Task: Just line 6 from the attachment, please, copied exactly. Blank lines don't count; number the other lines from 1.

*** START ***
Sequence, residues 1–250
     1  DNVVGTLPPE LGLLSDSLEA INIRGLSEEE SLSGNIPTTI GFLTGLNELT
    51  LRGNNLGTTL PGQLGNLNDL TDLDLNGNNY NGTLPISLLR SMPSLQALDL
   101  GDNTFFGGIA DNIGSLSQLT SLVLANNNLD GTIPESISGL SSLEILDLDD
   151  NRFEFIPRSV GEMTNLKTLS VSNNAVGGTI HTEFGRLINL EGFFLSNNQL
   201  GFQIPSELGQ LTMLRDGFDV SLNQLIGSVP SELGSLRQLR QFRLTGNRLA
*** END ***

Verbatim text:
   201  GFQIPSELGQ LTMLRDGFDV SLNQLIGSVP SELGSLRQLR QFRLTGNRLA